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Original research
Whole exome sequencing of 491 individuals with inherited retinal diseases reveals a large spectrum of variants and identification of novel candidate genes
  1. Tamar Hayman1,
  2. Talya Millo1,
  3. Karen Hendler1,
  4. Itay Chowers1,
  5. Menachem Gross2,
  6. Eyal Banin1,
  7. Dror Sharon1
  1. 1 Ophthalmology, Hadassah Medical Center, Faculty of Medicine, The Hebrew University of Jerusalem, Jerusalem, Israel
  2. 2 Otolaryngology/Head and Neck Surgery, Hadassah Medical Center, Jerusalem, Jerusalem, Israel
  1. Correspondence to Professor Dror Sharon, Ophthalmology, Hadassah Medical Center, Jerusalem 9190501, Israel; dror.sharon1{at}mail.huji.ac.il

Abstract

Background Inherited retinal diseases (IRDs) include a range of vision loss conditions caused by variants in different genes. The clinical and genetic heterogeneity make identification of the genetic cause challenging. Here, a cohort of 491 unsolved cases from our cohort of Israeli and Palestinian families with IRDs underwent whole exome sequencing (WES), including detection of CNVs as well as single nucleotide variants (SNVs).

Methods All participants underwent clinical examinations. Following WES on DNA samples by 3 billion, initial SNV analysis was performed by 3 billion and SNV and CNV analysis by Franklin Genoox. The CNVs indicated by the programme were confirmed by PCR followed by gel electrophoresis.

Results WES of 491 IRD cases revealed the genetic cause of disease in 51% of cases, of which 11% were due wholly or in part to CNVs. In two cases, we clarified previously incorrect or unclear clinical diagnoses. This analysis also identified ESRRB and DNM1 as potential novel genes.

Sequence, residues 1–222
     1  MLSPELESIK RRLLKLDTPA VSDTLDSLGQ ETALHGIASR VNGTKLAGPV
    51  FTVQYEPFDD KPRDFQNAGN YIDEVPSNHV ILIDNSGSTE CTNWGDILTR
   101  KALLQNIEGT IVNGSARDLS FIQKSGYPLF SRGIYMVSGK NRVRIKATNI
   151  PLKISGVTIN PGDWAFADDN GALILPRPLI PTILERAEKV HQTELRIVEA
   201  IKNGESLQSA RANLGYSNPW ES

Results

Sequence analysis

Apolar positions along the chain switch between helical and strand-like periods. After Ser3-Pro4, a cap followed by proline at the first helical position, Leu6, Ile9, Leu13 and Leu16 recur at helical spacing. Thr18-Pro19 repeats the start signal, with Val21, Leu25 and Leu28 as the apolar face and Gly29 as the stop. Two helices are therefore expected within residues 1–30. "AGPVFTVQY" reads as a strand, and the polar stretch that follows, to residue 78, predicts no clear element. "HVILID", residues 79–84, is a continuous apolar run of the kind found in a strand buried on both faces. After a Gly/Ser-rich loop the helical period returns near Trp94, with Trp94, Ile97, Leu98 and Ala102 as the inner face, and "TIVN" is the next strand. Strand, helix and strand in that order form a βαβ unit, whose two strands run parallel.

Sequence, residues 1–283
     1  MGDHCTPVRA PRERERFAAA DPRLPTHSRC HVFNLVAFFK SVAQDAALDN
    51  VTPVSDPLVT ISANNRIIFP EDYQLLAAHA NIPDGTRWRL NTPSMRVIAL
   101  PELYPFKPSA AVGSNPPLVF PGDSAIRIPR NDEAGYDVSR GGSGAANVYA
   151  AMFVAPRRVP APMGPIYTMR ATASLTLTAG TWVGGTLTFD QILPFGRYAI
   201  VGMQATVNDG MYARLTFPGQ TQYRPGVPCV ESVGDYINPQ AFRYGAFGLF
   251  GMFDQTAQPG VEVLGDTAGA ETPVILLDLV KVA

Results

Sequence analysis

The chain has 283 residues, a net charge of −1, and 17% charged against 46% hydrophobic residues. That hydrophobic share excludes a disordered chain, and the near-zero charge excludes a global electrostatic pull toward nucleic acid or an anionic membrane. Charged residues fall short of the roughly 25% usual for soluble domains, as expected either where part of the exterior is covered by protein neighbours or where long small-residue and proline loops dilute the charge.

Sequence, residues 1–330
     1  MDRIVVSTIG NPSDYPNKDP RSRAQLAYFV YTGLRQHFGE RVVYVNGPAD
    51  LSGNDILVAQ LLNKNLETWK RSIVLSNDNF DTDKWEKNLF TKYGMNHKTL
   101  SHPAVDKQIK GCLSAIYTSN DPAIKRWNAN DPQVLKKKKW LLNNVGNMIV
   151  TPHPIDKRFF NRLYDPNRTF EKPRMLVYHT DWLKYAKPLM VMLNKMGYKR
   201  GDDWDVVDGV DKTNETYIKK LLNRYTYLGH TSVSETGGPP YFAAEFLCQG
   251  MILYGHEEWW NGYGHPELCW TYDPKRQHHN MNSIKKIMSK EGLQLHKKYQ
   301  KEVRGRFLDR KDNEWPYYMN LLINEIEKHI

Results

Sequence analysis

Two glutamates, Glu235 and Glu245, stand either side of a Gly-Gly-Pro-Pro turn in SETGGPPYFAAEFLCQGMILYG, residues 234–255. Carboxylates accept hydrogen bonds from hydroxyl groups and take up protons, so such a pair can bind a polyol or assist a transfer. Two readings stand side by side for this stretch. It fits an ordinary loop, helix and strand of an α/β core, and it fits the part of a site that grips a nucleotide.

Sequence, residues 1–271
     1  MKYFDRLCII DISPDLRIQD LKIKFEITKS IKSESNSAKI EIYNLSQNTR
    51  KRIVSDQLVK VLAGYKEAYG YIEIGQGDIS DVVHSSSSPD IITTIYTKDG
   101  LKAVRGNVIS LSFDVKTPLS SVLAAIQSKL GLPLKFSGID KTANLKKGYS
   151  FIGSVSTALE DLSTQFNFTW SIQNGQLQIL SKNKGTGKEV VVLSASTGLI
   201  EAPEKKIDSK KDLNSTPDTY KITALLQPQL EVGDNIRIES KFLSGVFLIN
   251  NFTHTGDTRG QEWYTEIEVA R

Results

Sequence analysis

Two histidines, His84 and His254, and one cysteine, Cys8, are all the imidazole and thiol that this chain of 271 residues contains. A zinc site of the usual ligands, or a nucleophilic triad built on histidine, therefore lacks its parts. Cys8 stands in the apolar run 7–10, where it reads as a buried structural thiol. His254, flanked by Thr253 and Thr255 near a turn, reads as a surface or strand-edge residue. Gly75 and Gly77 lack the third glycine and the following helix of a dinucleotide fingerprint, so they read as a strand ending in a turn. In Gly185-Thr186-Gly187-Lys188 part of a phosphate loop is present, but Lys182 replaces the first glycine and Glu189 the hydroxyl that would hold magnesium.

Conclusion This analysis is the most extensive one to include CNVs to examine IRD causing genes in the Israeli and Palestinian populations. It has allowed us to identify the causative variant of many patients with IRDs including ones with unclear diagnoses and potential novel genes.

  • genetic diseases, inborn
  • genetic heterogeneity
  • genetics
  • genomics
  • genetic testing

Data availability statement

Data are available upon reasonable request. All data relevant to the study are included in the article or uploaded as supplementary information.

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Data availability statement

Data are available upon reasonable request. All data relevant to the study are included in the article or uploaded as supplementary information.

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Footnotes

  • Contributors TH and TM contributed equally to this paper. Conceptualisation: DS, EB. Data curation: TH, TM, KH, IC, MG, EB. Formal analysis: TH, TM, KH, IC, MG, EB. Funding acquisition: DS, EB. Investigation: DS, EB. Methodology: TH, TM. Project administration: DS. Supervision: DS. Validation: TH, DS. Writing of the original draft: TH, DS. Writing of the review and editing: TH, TM, KH, IC, MG, EB, DS. Ethics declaration: DS, EB. Guarantor: DS.

  • Funding This study was supported by the Israel Science Foundation (grant number 1778/20) within the Israel Precision Medicine Partnership program, the Foundation Fighting Blindness, (grant BR-GE-0214-0734 to DS and EB), the Yedidut Research grant (to EB), and the Israeli Ministry of Health (grant 3-12583 to DS and EB).

  • Competing interests None declared.

  • Provenance and peer review Not commissioned; externally peer reviewed.

  • Supplemental material This content has been supplied by the author(s). It has not been vetted by BMJ Publishing Group Limited (BMJ) and may not have been peer-reviewed. Any opinions or recommendations discussed are solely those of the author(s) and are not endorsed by BMJ. BMJ disclaims all liability and responsibility arising from any reliance placed on the content. Where the content includes any translated material, BMJ does not warrant the accuracy and reliability of the translations (including but not limited to local regulations, clinical guidelines, terminology, drug names and drug dosages), and is not responsible for any error and/or omissions arising from translation and adaptation or otherwise.